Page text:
Paying for Long-Term Care: How It’s Changing

Options beyond a traditional policy to cover long-term care costs

As the baby boomer generation continues to age, the question of what to do about long-term care costs only becomes more important. According to Genworth’s Cost of Care Survey, with the national median cost of a private room in a nursing home comes in at $9,584 per month for 2023 and costs rising every year, having to pay long-term care costs can quickly drain your savings.

There’s no way of knowing whether you’ll need long-term care, nor is there any way of knowing how many months or years you might need care for. Still, you should consider protecting yourself against this potentially devastating expense with long-term care insurance.

Insurers have developed a variety of ways for consumers to protect themselves against the risk of needing expensive long-term care, from simplified stand-alone policies to hybrid life insurance and long-term care policies to annuities with long-term care benefits.

Key Takeaways

  • While a majority of people 65 and older will need long-term care at some point, most don’t have long-term care insurance.
  • Most people don’t have long-term care insurance because it’s expensive and difficult to understand.
  • Insurers have developed a variety of ways to cover the costs of long-term care beyond traditional, standalone insurance.
  • Simplified long-term care policies, hybrid policies, and annuities with long-term care benefits are other options.

Long-Term Care Insurance: Some Background

Most people don’t carry long-term care insurance because it’s traditionally been expensive, difficult to understand, and fraught with controversy over premium increases on older policies that were mispriced.

Approximately 70% of people who turn 65 today will require long-term care at some point, according to the U.S. Department of Health and Human Services. But just over 7.5 million people have a policy, according to the American Association for Long-Term Care Insurance.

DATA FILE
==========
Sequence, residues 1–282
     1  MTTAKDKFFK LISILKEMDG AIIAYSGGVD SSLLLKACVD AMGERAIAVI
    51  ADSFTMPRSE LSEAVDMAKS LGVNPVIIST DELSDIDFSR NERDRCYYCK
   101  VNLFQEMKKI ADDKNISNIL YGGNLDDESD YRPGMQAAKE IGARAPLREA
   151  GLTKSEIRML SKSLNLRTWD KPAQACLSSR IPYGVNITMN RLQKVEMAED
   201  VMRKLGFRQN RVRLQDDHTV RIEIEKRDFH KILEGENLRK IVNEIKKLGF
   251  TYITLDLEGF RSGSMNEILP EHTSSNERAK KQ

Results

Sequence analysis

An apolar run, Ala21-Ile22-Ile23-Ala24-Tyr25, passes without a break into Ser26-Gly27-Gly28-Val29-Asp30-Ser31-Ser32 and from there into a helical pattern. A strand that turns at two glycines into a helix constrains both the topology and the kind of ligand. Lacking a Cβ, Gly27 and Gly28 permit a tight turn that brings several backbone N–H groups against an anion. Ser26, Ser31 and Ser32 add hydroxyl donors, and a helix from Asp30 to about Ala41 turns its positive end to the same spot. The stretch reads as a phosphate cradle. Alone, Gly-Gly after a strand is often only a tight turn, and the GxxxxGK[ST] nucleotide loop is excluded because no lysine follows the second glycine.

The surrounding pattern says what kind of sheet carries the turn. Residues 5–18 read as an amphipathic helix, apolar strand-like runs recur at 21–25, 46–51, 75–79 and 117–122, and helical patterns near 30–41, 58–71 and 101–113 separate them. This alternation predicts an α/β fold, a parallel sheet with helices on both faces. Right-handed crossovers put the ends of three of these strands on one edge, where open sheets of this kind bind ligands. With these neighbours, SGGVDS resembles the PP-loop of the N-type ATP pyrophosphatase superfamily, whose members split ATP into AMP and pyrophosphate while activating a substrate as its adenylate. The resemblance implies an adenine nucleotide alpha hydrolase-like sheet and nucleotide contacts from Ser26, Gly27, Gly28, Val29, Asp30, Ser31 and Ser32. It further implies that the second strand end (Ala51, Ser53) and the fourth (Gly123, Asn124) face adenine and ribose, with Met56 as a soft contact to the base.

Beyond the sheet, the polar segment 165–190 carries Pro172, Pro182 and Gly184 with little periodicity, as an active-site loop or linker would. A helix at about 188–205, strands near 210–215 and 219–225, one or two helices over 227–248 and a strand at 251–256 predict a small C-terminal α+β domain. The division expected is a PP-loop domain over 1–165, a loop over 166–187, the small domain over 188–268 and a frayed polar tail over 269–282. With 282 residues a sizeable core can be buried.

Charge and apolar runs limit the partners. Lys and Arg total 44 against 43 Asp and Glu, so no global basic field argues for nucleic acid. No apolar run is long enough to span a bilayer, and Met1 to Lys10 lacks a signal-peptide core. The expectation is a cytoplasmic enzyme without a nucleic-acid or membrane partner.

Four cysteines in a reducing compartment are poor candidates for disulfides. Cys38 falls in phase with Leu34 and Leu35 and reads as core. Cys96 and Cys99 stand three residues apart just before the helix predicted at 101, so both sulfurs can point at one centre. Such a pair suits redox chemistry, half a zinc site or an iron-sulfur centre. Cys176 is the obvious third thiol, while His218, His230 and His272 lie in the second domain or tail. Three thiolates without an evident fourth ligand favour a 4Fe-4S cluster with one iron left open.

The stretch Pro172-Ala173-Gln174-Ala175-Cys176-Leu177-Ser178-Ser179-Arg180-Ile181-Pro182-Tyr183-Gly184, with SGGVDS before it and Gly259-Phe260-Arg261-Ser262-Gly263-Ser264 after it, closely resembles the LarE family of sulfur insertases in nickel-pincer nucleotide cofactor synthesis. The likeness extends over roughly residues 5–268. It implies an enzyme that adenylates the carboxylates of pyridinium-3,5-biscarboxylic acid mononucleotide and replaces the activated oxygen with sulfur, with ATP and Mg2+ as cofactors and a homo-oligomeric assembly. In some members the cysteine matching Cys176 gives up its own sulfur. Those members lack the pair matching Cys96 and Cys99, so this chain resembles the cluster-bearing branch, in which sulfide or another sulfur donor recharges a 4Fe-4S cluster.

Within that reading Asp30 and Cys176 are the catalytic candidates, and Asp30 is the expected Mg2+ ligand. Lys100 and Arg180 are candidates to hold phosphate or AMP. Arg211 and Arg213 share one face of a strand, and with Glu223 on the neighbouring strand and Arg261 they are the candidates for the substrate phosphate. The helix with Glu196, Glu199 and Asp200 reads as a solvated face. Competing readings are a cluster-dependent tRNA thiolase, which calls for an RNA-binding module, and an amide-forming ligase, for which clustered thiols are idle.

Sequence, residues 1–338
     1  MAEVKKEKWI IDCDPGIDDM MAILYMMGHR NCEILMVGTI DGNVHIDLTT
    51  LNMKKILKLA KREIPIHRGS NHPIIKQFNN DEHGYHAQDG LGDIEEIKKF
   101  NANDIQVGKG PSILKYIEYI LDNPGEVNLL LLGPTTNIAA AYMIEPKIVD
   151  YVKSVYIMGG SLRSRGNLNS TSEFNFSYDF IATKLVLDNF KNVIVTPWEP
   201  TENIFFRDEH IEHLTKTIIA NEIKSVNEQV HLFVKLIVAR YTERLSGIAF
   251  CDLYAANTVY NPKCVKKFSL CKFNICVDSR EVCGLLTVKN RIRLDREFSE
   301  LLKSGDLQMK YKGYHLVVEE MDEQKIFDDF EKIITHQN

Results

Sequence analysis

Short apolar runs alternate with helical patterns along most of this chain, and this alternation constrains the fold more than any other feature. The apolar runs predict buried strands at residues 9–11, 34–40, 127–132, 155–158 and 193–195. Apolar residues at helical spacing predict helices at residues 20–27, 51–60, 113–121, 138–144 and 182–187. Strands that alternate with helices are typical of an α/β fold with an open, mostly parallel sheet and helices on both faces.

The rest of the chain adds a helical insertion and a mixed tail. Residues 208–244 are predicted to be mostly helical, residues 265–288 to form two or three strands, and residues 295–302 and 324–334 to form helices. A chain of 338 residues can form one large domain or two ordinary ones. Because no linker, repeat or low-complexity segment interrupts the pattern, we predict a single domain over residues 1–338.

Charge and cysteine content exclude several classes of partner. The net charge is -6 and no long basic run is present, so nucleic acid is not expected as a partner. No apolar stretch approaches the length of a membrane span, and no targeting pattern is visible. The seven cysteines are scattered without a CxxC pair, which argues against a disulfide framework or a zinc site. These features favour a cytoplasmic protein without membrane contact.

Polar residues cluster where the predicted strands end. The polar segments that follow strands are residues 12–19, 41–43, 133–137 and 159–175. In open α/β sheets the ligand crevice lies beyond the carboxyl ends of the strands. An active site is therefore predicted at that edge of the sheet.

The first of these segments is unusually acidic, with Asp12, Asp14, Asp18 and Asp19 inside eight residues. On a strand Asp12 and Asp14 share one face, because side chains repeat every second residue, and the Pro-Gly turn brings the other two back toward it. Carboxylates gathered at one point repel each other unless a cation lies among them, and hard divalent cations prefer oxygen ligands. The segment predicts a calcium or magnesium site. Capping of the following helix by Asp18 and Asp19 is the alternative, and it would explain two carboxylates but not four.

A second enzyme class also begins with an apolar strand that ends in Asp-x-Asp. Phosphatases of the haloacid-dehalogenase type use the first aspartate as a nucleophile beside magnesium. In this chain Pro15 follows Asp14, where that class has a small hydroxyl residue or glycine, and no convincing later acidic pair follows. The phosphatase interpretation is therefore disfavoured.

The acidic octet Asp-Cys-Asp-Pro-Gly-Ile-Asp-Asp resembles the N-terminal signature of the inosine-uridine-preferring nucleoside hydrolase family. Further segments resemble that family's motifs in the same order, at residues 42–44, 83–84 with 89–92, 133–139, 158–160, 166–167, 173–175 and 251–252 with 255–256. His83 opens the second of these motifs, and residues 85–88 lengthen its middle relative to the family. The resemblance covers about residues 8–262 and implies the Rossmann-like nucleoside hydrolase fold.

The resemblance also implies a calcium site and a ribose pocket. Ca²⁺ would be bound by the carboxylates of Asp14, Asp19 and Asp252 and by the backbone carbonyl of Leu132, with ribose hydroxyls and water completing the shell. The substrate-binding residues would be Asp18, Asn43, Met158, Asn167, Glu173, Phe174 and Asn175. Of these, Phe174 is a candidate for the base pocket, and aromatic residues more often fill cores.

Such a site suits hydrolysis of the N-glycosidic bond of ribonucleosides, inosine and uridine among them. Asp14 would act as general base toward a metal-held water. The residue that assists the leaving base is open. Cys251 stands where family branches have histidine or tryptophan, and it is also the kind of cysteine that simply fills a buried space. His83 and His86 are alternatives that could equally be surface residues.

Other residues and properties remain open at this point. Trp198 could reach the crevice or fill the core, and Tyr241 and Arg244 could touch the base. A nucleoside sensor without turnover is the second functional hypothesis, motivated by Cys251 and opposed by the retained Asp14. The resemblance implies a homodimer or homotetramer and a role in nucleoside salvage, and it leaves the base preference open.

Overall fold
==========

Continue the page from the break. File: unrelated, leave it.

In addition, it’s a product most people need to buy on their own rather than through an employer, meaning there’s no one to subsidize the cost or pick out a good policy for you. Insurance companies are trying to change that.

“If I had to summarize a single technique being employed by all the major players, it’d be a convergence around smaller benefits,” says Stephen D. Forman, CLTC, senior vice president of Long Term Care Associates, an insurance agency in Bellevue, Washington. Smaller policies are the way for insurers to reach the middle-market consumer, so insurers are offering policies with lower limits and more flexible premium payment periods.

Programs in the research and pilot stages include one that starts as a term life insurance plan during the policyholder’s earning years then transitions to long-term care insurance later in life and another designed as a flexible retirement plan, such as a 401(k) or IRA, with long-term care insurance built in, explains Forman. We could also see mandatory, universal, payroll-financed, catastrophic long-term care insurance that works as a public-private partnership, similar to how the Medicare supplement market works. 

However, those options don’t exist yet. Let’s take a look at what’s available now.


The average annual long-term insurance premium (with 3% annual growth) for a healthy couple, both 55-years-old, in 2022, according to the American Association for Long-Term Care Insurance.

Stand-Alone Long-Term Care Insurance

Stand-alone long-term care insurance has plummeted in popularity since the market’s peak in 2002 when over 750,000 consumers bought policies. In 2018, the number fell to 350,000.

Turns out, premiums that insurers charged on those old policies were too low, and newer policies that more accurately reflected long-term care risks were much more expensive than the shrinking pool of consumers who could afford them. In addition, long-term care insurance can be difficult to understand. Few people are familiar with it and how it works.

A logical response to these problems is to develop a product that’s affordable and easier to understand. In late 2018, for example, New York Life announced the launch of a new long-term care insurance product called NYL My Care, which the company billed as “simplified, affordable and flexible," marketing it to middle-class consumers.